Find Landscape designer jobs near me

  6. Librarian
    Average Annual Salary: $50,000

    Another job traditionally held by women. Today, librarians are highly-educated. Most librarians today have a Master of Library Science Degree; some also have degrees in education or law. You’ll find that about 83% of librarians today are women.

    The interesting thing is that this pink-collar job used to be a bit more male-dominated. Way back in the 1880s, men held 52% of the librarian jobs.

    Find Librarian jobs near me

  7. Dental Hygienist
    Average Annual Salary: $78,000

    The field of dentistry still holds on to more traditional gender roles, but that’s changing. A dentist is classified as a white-collar worker, mainly because of the amount of school necessary to hold the job and the difference in pay grades.

    The support staff of dental hygienists and assistants are pink-collar jobs because they do more patient interaction, earn less, and go to school for a shorter period of time.

    Find Dental Assistant or Hygienist jobs near me

  8. Social Worker
    Average Annual Salary: $51,000

    Social workers step in to protect children and support families in need. Most social workers have an undergraduate diploma and work in a government-run agency.

    The amount of human interaction is great, and this field is based on helping others. It’s a perfect example of a modern-day pink-collar occupation.

    Find Social Worker jobs near me

  9. Hair stylist
    Average Annual Salary: $36,000

    Other perfect examples of a pink-collar career are the hairstylist, barber, and beauty expert. These are the people who may have actually worn pink collars at some point. Many beauty schools used to have pink uniforms for their students.

    Although barbers have often been men and hairstylists are often women, that’s changing, and they’re all pink-collar employees.

    Find Hair stylist jobs near me

  10. Retail Buyer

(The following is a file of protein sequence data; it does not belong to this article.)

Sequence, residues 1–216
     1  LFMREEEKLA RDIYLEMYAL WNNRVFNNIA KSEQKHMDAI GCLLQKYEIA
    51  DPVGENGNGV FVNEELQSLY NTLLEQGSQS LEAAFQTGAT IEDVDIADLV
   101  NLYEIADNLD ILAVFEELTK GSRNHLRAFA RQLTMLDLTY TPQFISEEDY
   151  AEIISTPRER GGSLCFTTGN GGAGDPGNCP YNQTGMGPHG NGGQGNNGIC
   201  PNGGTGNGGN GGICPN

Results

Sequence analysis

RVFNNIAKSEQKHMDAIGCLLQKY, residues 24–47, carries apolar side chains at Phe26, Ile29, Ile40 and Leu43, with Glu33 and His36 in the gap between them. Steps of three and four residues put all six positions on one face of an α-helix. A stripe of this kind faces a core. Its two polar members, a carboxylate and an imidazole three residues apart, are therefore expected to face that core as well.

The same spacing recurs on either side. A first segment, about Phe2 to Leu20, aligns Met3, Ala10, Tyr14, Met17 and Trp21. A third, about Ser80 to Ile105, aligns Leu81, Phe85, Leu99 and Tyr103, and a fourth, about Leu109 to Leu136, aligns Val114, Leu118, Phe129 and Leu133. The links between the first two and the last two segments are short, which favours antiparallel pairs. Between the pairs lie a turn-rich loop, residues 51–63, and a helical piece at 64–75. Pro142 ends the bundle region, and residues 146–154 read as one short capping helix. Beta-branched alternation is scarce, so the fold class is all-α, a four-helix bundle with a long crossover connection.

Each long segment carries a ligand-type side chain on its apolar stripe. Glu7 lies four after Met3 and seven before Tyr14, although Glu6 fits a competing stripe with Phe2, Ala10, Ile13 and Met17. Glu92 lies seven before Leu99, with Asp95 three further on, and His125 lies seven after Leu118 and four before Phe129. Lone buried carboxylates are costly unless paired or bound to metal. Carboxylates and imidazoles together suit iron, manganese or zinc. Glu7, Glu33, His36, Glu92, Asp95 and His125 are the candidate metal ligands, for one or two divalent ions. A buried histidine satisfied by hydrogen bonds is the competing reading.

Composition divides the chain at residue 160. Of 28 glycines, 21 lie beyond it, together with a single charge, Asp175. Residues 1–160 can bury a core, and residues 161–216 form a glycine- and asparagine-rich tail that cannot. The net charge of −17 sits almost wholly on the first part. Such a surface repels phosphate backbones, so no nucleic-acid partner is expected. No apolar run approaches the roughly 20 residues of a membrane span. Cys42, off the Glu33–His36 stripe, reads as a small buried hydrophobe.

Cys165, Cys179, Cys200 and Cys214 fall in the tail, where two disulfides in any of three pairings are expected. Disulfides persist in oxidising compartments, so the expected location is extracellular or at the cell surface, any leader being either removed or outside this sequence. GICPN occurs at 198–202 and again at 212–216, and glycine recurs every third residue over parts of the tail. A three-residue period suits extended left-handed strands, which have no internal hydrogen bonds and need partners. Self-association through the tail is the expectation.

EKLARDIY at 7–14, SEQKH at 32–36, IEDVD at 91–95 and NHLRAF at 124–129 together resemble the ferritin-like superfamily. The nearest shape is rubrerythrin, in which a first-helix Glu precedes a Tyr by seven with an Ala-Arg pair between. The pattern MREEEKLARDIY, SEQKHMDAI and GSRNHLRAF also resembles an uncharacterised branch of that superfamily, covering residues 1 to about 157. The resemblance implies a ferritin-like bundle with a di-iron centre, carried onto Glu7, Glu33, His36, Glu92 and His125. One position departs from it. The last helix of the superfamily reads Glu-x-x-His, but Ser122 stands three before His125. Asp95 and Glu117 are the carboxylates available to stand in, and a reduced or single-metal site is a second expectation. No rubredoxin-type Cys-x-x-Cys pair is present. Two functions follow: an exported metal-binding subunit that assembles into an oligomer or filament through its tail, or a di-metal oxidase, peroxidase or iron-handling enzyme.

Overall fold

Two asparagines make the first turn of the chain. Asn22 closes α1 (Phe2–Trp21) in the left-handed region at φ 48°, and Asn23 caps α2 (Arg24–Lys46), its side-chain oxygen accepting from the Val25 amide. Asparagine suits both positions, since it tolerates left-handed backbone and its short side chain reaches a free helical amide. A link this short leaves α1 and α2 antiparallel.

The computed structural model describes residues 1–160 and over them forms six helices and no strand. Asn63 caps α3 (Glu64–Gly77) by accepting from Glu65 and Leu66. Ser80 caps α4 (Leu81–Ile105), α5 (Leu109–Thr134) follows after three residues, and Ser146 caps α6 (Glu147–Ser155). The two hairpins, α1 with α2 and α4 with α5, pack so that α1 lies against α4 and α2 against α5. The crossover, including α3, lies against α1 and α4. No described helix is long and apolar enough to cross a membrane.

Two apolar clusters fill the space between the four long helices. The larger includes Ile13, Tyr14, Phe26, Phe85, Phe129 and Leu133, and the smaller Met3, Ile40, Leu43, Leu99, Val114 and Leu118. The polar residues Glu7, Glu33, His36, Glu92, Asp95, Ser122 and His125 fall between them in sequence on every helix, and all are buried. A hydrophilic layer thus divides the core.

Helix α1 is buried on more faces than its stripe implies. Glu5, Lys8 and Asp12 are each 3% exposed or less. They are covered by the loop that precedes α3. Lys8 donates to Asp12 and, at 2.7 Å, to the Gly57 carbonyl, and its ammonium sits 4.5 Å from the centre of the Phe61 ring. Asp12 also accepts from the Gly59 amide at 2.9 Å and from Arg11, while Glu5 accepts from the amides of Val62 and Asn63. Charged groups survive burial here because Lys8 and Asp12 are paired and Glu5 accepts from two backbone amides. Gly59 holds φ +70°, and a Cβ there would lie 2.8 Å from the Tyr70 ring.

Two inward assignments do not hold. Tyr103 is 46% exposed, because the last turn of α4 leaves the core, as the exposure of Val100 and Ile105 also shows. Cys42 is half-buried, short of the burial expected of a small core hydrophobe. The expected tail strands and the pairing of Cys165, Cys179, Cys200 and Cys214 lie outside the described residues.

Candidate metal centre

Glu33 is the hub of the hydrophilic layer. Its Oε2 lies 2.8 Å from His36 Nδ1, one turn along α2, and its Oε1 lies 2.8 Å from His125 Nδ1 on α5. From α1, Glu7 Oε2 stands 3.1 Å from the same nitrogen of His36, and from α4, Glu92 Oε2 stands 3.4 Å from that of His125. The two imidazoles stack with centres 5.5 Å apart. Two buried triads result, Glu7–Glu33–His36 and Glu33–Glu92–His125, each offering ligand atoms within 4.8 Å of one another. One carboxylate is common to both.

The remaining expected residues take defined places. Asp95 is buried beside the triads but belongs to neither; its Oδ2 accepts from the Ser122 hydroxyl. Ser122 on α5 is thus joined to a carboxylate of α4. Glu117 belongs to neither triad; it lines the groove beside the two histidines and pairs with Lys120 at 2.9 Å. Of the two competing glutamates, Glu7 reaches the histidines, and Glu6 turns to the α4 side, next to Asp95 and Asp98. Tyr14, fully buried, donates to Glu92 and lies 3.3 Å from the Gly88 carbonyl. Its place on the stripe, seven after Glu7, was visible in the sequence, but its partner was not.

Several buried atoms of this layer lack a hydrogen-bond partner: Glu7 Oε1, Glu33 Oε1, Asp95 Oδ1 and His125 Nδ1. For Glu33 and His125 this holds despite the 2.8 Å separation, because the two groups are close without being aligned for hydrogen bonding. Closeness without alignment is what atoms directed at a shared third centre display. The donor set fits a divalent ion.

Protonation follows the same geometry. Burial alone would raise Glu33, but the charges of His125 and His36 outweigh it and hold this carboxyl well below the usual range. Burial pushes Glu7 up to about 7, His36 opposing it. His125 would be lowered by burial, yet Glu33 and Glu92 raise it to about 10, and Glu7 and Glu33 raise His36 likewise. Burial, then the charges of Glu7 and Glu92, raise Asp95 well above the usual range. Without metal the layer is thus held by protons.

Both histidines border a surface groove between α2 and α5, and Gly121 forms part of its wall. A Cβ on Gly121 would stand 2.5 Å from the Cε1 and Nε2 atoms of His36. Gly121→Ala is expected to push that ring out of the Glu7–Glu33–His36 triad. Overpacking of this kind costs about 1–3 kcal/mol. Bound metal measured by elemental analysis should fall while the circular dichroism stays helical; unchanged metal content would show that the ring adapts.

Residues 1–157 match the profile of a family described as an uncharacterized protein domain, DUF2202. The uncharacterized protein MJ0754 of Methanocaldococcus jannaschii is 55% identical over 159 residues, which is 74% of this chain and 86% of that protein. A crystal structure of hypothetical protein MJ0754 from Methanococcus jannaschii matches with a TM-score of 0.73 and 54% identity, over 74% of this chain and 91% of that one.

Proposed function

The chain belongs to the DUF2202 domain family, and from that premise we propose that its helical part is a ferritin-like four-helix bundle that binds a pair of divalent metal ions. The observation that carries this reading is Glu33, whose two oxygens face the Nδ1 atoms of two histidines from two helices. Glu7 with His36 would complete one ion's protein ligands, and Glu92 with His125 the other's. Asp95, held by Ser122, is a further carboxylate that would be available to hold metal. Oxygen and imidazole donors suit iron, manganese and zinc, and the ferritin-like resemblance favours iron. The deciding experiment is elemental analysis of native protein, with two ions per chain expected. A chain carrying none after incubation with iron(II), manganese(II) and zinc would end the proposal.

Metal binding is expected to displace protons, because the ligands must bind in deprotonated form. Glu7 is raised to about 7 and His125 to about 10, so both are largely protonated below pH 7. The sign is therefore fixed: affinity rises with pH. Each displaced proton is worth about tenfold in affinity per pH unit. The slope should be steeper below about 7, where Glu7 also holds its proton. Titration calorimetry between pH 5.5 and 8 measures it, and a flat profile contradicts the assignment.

Average Annual Salary: $53,000

    This person is responsible for researching merchandise, arranging to sell that merchandise, and managing those relationships. This is an evolving role today with the growth of e-commerce and the decline of brick and mortar stores.

    Businesses that sell online are no longer hampered by physical space, so this job might be on its way out.

    Find Retail Buyer jobs near me

  11. Magazine Editor
    Average Annual Salary: $48,021

    Magazine editors typically have bachelor’s degrees, and many have advanced degrees. Unlike the writer who can lead a solitary existence, this professional is constantly dealing with their staff, creating editorial calendars, proofing content, and managing the production process.

    It’s a job that women tend to hold, but men are also often found in this pink-collar job.

    Find Magazine Editor jobs near me

  12. Flight Attendant
    Average Annual Salary: $37,000

    They used to be called stewardesses, and the sexism in this industry is legendary. That has changed, and now men and women both hold this position, and the sexism is starting to fade away.

    If you love to travel, have an affinity for aviation, and enjoy interacting with people, this could be a high-flying field for you.

    Find Flight Attendant jobs near me

  13. Restaurant Server/Host
    Average Annual Salary: $23,000

    Still called waiters and waitresses by many, this position and that of host or hostess is a pink collar job for sure. It’s a great career for some, with tips making up for the low hourly pay.